Another emphasis very present throughout the American Dreamers exhibition at the Palazzo Strozzi is the emphasis on craft. With the exception of 2 or 3 artists, there is a major emphasis on the artist’s hand being directly involved in creating their pieces. Jeff Koons, Julie Mehertu, Kehinde Wiley (Yeah I said it!!) and all the other artists for the past umpteen hundred years who have had massive workshops are not included in this exhibition. With the American Dream and its futility still a basis for American Dreamers, imagination runs rampant with the crafty ones and in some cases, does not necessarily align with the overall concept of the show. For instance, Mandy Greer creates site specific special installations from discarded fabrics and clothing accessories such as buttons, ribbons, beads, feathers and various other materials. Greer created a series of chandelier shaped sculptures that hang from the ceiling and are randomly connected with strands of fabrics, beads, etc. Displayed in a narrow gallery, the viewer can enter through either end. At one end of the gallery there are sculptures that are a direct reference to the moon and stars, made of buttons, felt, ribbon and hot glue. If the viewer continues along this path, they zig zag through the series of hanging sculptures that range in various colors of green, brown and blue. At the end of the gallery is a large sparkling gold sculpture that Greer obviously took much more time creating than the previous sculptures. It is precise in every button, rhinestone, and ribbon. It literally sparkles. A friend traveling with me stated, “ It seems that what Greer was trying to accomplish in the other sculptures she accomplished in this one… so why are the others necessary?” Seriously, the big sparkling gold object was that good that it made you question the others. And then I see it! The Didactic Placard that every person in desperate need of an explanation runs to like a fire extinguisher in a burning building! Lo and behold the placard reads that the installation is “path between two realms that she defines as two “heavens” through a transitory dimension, which is represented by the natural world. The title of the new work refers to the name of a nymph who, according to one version of the myth, nursed Zeus who then transformed her into the brightest star in the sky.” What?! Are you serious?! And how does this Greek mythology tie into the American Dream and its non existence?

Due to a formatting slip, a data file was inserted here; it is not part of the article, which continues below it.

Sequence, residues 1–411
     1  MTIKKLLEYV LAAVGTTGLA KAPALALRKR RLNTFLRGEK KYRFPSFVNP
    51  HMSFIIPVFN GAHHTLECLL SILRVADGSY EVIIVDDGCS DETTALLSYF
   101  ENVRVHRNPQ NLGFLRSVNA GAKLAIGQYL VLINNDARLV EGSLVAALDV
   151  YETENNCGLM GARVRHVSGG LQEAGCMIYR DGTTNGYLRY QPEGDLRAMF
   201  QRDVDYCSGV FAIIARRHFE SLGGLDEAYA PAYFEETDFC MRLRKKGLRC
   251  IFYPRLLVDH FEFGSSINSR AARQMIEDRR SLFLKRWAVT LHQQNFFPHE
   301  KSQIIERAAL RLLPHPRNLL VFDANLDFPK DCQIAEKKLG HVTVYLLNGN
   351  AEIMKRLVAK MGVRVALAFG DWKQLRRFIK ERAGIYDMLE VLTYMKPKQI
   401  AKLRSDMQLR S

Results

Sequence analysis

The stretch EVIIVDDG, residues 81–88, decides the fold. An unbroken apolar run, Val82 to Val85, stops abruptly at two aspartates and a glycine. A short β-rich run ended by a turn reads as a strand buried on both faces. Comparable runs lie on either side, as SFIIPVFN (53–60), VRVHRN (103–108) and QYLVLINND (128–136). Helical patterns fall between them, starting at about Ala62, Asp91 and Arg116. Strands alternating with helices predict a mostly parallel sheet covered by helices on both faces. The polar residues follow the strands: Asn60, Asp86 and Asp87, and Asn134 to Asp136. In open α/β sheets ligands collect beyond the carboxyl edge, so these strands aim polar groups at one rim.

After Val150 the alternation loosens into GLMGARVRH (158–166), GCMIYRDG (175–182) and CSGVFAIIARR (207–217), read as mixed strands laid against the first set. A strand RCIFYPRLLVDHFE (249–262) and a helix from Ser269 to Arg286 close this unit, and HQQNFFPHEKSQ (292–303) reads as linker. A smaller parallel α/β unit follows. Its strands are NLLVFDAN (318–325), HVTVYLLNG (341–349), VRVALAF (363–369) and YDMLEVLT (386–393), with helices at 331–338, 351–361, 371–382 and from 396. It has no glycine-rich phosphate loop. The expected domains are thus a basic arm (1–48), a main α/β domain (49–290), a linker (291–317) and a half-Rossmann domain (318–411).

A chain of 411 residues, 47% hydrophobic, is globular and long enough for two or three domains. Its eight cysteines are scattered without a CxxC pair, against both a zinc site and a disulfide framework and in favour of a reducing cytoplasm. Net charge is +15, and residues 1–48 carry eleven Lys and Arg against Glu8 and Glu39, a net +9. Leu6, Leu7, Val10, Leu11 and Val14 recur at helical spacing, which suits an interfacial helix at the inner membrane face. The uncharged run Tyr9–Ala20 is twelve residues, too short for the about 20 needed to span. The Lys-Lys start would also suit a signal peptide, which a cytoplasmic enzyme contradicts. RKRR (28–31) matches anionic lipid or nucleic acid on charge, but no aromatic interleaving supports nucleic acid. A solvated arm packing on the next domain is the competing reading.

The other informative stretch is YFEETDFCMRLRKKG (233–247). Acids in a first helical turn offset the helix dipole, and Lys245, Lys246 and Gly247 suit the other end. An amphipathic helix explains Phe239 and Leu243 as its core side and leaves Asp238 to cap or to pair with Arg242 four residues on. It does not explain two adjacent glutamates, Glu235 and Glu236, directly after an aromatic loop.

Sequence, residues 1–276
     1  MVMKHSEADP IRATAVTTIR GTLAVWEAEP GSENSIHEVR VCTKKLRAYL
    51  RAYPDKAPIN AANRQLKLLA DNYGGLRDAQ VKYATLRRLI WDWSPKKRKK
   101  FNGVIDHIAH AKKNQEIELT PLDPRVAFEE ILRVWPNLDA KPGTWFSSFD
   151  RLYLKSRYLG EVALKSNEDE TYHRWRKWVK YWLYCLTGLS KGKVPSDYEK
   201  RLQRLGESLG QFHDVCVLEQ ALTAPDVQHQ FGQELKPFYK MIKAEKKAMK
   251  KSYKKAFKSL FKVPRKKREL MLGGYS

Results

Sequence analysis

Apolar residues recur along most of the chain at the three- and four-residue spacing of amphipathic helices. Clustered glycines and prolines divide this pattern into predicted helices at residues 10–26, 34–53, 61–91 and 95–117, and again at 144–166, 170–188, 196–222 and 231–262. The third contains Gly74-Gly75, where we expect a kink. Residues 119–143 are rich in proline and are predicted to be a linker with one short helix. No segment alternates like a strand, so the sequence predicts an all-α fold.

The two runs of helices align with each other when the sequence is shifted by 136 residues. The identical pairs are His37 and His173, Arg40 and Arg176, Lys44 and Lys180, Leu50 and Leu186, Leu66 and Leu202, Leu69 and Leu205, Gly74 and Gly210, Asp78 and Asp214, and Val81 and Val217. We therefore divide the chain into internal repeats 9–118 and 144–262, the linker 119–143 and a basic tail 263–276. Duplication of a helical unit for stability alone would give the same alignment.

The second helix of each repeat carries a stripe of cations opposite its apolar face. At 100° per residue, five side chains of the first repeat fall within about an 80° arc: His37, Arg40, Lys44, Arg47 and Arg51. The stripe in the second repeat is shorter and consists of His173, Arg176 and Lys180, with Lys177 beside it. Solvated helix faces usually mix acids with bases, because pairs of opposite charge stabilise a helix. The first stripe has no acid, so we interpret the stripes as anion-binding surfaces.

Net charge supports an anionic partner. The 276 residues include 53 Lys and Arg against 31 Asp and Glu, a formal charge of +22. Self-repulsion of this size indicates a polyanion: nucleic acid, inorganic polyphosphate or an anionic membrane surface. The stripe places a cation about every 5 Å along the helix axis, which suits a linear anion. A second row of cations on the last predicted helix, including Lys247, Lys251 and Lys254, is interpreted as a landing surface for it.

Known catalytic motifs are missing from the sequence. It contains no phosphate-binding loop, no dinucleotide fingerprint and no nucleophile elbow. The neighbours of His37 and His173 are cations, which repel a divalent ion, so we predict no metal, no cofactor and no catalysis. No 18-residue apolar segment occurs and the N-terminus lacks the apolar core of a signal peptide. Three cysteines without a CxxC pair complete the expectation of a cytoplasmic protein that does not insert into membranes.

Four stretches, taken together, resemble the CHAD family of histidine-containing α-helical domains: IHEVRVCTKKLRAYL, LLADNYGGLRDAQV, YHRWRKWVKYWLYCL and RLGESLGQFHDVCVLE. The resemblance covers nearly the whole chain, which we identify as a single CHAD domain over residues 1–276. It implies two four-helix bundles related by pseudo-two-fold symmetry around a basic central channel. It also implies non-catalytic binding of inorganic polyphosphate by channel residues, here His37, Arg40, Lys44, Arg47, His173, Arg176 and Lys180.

All in all I had a few issues with Greer’s work:
1) The influence of Petah Coyne and Terrance Koh is incredibly evident. It is so evident that I walked out of the gallery thinking about them versus Greer.
2) I question the use of hot glue and household items that have no connection to “mythological worlds of Shamanism and Native American Traditions”. This creates a disconnect in the concept of her work as well as the concept of the exhibition…in my opinion
Greer wasn’t the only crafty one! Kirsten Hassenfeld created stars out of wrapping and stationary paper and Christy Rupp created skeletal models of species that were consumed to extinction by mankind. Using steel and chicken bones, Rupp‘s models are very reminiscent of a Natural History Museum in terms of lighting, display and installation. What changes the sculpture from being “models” is the use of chicken bones. The consumption of animals to extinction is in direct relation to American’s consumption of chicken. One is simply replacing the other, only to be seen again in Natural History Museums with our children. Rupp also created a series of collage pieces that function in the same way as her sculptures. She layered various pieces of paper that referenced different aspects of birds. For instance there was a very decorative page that emphasized the beauty in the wings and the gracefulness of birds in flight. Layered ontop was a map of a chicken coop or the skeletal system of a chicken. Very interesting but how does this tie into the American Dream and Imagination? OR is this simply propaganda?
The craftsy artists of American Dreamers seemed to be the most problematic for me. At the end of the day work was not made well, it was incredibly literal, and did not fit into the concept of the show. With that being said, in my next blog I will highlight the artists that created work tight in concept and in line with the overall idea of the show.